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Java, .NET, and PHP In One Webapp? The Holy Grail of Mashups.

04.10.2008
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What if you could run a single webapp with Java, PHP, and ASP.NET AJAX in one webapp?  Stay with me for a minute, because I think there might be a powerful combination here!This morning I came across an announcement from Mainsoft about how their latest release lets developers run ASP.NET AJAX applications from Microsoft on Tomcat and Websphere.  This got me thinking: what if you could combine that with Java and PHP in the same application?  

Lately, we've been doing a lot of PHP work here at DZone (sometimes to my chagrin!), and I've been keeping a close eye on Quercus from Caucho (the makers of Resin), hoping to see some light on how to get our app running on their platform.  With Quercus, I can already combine a PHP frontend with a much more scalable Java backend.  To me, this represents the possibility of an important change in web application development.  There are a ton of people who like PHP because its easy to use and easy to build web applications with.  Unfortunately, I prefer (and trust) my Java backends much more.  What better way to compromise than to combine them?

With the announcement from Mainsoft this week, wouldn't it be possible to also combine .NET into the equation?  I'm not entirely sure how they do it, but theoretically, you could have some portions of the frontend be an ASP.NET AJAX application.  The demos I saw of Microsoft's AJAX technology sure led me to feel like they had some cool stuff going there.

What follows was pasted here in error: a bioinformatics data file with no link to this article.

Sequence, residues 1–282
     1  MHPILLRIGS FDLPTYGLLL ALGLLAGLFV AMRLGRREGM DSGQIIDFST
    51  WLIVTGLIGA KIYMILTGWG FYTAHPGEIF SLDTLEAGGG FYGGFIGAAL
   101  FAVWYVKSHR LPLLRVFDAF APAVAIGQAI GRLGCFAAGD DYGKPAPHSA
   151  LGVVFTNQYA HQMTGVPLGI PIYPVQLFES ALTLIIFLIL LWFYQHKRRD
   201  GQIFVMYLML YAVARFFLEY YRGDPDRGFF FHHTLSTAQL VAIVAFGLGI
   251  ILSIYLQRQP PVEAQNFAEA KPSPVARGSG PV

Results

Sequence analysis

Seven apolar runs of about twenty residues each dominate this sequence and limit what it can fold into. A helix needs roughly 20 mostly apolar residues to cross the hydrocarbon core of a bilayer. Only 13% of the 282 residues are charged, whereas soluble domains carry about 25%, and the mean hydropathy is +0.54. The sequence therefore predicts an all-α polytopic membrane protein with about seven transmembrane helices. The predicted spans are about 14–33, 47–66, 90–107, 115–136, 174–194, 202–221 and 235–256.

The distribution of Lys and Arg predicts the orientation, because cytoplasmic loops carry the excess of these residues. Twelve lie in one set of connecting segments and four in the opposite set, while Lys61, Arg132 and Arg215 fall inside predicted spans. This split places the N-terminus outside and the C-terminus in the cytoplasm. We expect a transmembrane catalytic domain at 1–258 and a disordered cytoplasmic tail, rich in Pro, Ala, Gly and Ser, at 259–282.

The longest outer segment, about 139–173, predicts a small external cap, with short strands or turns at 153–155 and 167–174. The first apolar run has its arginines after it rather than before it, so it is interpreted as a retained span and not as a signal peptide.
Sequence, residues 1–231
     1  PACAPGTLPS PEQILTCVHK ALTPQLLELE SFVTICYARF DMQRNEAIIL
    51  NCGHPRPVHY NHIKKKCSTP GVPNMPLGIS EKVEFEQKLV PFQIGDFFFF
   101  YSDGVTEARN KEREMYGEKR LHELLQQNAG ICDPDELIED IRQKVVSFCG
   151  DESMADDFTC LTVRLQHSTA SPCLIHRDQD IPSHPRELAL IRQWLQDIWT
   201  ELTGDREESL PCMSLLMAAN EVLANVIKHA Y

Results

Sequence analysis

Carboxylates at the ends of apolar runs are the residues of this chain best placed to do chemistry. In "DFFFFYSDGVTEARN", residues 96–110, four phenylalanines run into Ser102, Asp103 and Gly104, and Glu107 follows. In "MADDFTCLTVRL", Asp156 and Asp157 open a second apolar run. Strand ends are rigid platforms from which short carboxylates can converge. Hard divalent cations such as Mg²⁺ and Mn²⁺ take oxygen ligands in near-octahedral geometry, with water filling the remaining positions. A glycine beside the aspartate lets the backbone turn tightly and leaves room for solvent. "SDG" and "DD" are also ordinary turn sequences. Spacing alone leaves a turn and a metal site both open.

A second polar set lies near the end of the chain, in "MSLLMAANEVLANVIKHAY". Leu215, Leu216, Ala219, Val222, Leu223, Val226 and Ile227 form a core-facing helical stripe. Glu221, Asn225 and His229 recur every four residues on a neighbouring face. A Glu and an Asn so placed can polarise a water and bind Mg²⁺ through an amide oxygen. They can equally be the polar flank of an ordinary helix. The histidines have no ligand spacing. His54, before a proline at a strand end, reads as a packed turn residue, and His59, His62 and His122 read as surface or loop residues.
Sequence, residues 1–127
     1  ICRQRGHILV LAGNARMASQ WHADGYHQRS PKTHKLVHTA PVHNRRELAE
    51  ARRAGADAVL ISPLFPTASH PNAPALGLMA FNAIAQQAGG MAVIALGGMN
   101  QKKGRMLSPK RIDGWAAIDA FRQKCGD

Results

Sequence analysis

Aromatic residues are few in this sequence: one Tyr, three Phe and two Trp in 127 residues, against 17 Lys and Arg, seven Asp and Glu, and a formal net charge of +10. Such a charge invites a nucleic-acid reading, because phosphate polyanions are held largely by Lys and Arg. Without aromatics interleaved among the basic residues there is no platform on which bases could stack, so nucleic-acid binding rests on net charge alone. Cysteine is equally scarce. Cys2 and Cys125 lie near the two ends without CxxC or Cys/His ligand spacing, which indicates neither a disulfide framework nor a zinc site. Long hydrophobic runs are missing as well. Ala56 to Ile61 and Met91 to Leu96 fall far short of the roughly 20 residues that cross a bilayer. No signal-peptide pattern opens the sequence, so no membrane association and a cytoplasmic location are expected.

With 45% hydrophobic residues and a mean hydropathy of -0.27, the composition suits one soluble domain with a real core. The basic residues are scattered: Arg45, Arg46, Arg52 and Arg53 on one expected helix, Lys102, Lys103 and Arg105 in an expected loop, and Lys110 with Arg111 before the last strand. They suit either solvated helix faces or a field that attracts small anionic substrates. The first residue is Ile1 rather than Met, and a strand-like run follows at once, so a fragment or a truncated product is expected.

Most of you are probably thinking I wrote this before I'd had a chance to clear the cobwebs out in the morning, or maybe I'm just having early onset senility :)  Either way, what do you guys think?  Quercus already runs outside of Resin, the Mainsoft stuff probably could be ported too.   Would this represent an interesting possibility if it could be made to work on other application servers?  I'm excited about all the work lately that has been going on to run other languages in the Java VM.  The Java platform is here to stay.

Comments

David Lee replied on Thu, 2008/04/10 - 9:49am

Yeah, it's here to stay but you have read the other posts on java hosting and the missing mvm ?
Really, who would need such a platform. Certainly not java developers ?

I just switched my apps to resin, and I'm loving it. But Quercus is simply causing me to give writing or maintaining something in java pause when there are excellent free php alternatives available. I wrote a blogging app, but now since I'm have Quercus, I decided to download Wordpress. The entire thing is less then 1.5 megs and took 5 minutes to get going. JRoller is what caused me to write my own in the first place. Let's just say it's not 1.5 megs and it was a configuration challenge a few years ago.

I'm a java developer, so I won't be switching over to fulltime php anytime soon, but more options on the jvm may be good for the jvm, but not so much for the java language. Why write your web app in java, when you can use a simpler and less costly option first and move to the JVM only when you need its scalability and other features.

There have been some good discussions on this site that have really highlighted some notable voids in the java space.

This sounds cool, but seems to have a limited audience. Quercus is great but it too has a limited audience.

Chris Roane replied on Thu, 2010/03/11 - 11:21am

Hmm...this is a scary thought. I do not like this because now web apps require either a diverse team that knows how to program in a number of different languages and you have to keep additional pieces of software up to date on the server. This adds a whole new layer of complexity to even a simple application.

Stiv Stivvy replied on Mon, 2011/11/14 - 6:46am

am starting a project that will use java and php. can you people please offer some assistance by showing me how we go about combining the two.

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